Noting that the association continued to compromise on health insurance and salary, Brock said the real issue was and continues to be the board’s refusal to work with teachers to address the achievement gap. She noted that the board and union negotiators did reach a tentative agreement for high school teachers. However, “the board just refuses to listen to us when it comes to the elementary schools,” she said. “While we did reach an agreement for the high school, we would never shortchange our elementary students and teachers.”
She said that the board and the administration have failed for years to work with teachers to ensure the city’s students get the one-on-one attention they all deserve. “We work every day to address the achievement gap,” Brock said. “We can’t stem that gap unless the administration actually listens to the professionals in the classroom.”
One other point Brock wanted to clarify was Porter’s statement last night that teachers were offered an 8 percent raise. “As to that mythical 8 percent raise, do you really think we would turn that down?”
The city’s teachers began their strike this morning. For regular updates, please go towww.beaworks.com. The BEA also has a strike headquarters at 294 N. Winooski Ave., Suite 125in Burlington’s Old North End.
Mayor’s involvement fails to convince board to reach contract agreement that stems exodus of teachers and gives teachers tools to work more closely with students
BURLINGTON – Members of the Burlington Education Association will go on strike tomorrow morning as a last-minute call by a former federal mediator and Mayor Miro Weinberger failed to convince the board to reach a deal with teachers.
“The board continues to claim that it wants to work collaboratively with us to address the achievement gap, but their actions say otherwise,” said Fran Brock, a Burlington High School History teacher who serves as president of the 400-member union. “Today, they had an opportunity to work with us to address the achievement gap in our elementary schools. They did not take that opportunity. They had an opportunity to work with us to stem the exodus of teachers by reaching a deal that attracts and retains the best for our city’s students. They failed to do so. And they continued their years-long quest to institute top-down approaches that do nothing for our students.”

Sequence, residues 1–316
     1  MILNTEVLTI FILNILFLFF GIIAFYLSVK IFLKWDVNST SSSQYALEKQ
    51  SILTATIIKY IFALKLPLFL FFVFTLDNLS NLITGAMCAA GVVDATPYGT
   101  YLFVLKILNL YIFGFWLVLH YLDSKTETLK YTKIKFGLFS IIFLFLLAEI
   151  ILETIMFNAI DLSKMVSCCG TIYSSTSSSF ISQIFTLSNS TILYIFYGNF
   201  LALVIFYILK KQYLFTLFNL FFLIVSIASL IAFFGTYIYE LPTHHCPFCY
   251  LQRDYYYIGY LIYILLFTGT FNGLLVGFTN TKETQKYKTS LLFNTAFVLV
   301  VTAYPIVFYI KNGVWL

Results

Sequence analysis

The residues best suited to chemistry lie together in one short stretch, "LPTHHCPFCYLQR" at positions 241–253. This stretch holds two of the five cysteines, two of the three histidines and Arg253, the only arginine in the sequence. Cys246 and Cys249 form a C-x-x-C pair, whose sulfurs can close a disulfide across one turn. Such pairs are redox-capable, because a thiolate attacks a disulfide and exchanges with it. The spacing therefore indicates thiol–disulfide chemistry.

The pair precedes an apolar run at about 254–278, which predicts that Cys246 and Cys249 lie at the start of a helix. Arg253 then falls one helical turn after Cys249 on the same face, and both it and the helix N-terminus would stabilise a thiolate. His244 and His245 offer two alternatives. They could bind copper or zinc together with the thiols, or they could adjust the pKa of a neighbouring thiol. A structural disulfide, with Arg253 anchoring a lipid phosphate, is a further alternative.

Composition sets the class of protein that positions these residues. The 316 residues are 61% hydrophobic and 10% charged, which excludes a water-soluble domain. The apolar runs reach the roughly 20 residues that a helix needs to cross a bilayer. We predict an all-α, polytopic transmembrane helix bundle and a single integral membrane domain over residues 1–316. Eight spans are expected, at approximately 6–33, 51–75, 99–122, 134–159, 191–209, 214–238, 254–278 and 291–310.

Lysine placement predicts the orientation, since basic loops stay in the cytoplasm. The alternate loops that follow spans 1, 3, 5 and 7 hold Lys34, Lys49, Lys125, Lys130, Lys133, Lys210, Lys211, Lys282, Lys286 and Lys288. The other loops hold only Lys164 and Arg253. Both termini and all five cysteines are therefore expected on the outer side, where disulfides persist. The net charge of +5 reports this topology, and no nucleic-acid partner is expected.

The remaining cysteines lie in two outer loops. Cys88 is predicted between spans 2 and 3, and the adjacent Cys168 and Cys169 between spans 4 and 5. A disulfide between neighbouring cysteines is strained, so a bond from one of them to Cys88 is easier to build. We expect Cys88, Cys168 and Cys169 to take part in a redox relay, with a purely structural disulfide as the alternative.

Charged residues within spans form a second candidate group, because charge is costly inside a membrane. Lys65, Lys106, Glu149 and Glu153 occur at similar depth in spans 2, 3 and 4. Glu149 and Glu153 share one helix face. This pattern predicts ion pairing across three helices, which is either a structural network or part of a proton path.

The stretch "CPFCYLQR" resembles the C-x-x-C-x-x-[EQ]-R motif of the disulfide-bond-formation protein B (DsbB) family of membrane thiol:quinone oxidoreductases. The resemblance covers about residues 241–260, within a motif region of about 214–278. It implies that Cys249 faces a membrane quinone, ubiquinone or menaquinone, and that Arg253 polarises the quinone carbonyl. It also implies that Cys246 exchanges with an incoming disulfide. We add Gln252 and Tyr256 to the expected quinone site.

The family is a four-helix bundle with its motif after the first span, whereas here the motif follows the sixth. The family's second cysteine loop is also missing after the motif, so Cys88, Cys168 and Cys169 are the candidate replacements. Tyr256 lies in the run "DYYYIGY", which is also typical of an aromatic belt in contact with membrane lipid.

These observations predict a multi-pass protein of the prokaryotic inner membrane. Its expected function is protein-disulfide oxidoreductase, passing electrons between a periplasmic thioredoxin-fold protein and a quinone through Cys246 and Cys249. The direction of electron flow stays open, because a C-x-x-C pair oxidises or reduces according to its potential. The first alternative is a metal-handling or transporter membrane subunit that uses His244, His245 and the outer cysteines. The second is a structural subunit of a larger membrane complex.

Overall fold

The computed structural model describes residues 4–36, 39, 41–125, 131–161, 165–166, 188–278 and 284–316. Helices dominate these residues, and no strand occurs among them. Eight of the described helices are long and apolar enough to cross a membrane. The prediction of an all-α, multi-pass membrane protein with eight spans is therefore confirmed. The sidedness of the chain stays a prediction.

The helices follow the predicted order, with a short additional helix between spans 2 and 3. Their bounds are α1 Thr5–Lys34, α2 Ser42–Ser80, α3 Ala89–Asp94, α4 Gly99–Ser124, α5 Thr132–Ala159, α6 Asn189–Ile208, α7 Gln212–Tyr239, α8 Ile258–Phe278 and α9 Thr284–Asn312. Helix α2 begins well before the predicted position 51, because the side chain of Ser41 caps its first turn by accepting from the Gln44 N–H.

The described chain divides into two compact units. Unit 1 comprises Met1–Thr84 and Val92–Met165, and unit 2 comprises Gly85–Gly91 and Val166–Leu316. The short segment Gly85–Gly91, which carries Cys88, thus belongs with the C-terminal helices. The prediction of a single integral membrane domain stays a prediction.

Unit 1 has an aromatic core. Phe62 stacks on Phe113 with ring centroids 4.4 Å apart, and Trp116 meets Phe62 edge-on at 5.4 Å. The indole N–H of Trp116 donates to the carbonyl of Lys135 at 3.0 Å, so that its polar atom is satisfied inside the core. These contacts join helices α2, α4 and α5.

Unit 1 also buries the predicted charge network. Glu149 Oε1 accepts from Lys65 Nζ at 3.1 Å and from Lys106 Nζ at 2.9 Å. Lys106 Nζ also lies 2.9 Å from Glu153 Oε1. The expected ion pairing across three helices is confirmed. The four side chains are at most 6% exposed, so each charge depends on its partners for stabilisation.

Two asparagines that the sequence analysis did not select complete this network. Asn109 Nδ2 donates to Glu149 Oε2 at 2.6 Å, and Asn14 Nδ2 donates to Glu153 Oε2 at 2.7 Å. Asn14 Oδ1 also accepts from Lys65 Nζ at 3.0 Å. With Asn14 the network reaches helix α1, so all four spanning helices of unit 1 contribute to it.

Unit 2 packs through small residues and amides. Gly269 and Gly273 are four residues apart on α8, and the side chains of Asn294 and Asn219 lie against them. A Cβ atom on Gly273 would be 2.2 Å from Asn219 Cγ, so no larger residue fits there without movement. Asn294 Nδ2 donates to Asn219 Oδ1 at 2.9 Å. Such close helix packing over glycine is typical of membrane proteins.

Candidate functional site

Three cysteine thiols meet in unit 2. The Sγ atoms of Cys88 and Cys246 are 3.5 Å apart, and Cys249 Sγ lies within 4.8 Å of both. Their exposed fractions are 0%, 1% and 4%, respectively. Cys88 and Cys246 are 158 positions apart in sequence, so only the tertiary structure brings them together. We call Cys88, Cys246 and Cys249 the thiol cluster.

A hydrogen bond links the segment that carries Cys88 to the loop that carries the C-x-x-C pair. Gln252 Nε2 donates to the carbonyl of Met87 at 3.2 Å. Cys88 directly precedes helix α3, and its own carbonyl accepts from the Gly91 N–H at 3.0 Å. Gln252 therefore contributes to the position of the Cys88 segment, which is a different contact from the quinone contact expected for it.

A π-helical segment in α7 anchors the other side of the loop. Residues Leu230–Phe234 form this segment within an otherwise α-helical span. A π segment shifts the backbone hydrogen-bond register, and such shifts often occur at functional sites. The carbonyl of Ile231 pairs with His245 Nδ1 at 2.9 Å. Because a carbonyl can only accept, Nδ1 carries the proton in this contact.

The teachers were set to strike today, but agreed to hold off because a former federal mediator invited both sides and the mayors to meet.
The board brought this clash to a head when it voted Sept. 1 to impose terms of employment on teachers only minutes after the previous contract expired. It was the second year in a row that this board imposed terms as quickly as it could. This board is also only one of seven in the history of Vermont to take this step more than once – and most boards have never used the option even once.
“We’ve compromised – again today – on health insurance and salary,” Brock noted, saying teachers were willing to accept the recommendations of a neutral fact-finder. “I guess the board really meant what it said when it rejected the reasonable approach outlined by the fact-finder.”
Brock noted that the union’s bargaining committee accepted high school working condition language that establishes a collaborative committee to examine means of providing services to students in effort to close the achievement gap. However, the board insisted on imposing too many non-teaching duties on elementary school teachers, limiting their ability to provide professional services to students.
“We’ve been trying to get the board to understand that elementary teachers are having too much of their time drawn away from one-on-one interaction with students,” Brock said. “And now, for more than three years, they still won’t budge.”
The city’s teachers will begin their strike tomorrow morning. For regular updates, please go to www.beaworks.com.
We are the educators of Burlington, Vermont. We strive daily to build the schools that Burlington's kids deserve.